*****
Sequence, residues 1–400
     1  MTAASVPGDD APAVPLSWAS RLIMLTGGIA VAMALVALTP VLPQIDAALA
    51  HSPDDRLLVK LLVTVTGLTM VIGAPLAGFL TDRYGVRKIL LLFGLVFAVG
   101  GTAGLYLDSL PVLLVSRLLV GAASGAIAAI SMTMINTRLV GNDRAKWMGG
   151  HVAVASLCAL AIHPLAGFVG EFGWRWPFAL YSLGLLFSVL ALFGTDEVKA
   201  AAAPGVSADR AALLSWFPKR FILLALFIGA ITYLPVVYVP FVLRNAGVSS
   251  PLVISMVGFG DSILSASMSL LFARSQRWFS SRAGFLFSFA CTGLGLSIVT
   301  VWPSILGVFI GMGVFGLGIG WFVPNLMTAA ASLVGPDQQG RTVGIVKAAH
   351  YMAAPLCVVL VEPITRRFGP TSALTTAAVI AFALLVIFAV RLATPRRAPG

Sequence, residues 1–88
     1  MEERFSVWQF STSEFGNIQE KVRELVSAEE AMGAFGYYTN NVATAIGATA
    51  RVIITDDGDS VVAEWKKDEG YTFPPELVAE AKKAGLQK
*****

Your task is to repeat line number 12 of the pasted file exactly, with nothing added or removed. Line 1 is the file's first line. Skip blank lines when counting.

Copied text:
    51  RVIITDDGDS VVAEWKKDEG YTFPPELVAE AKKAGLQK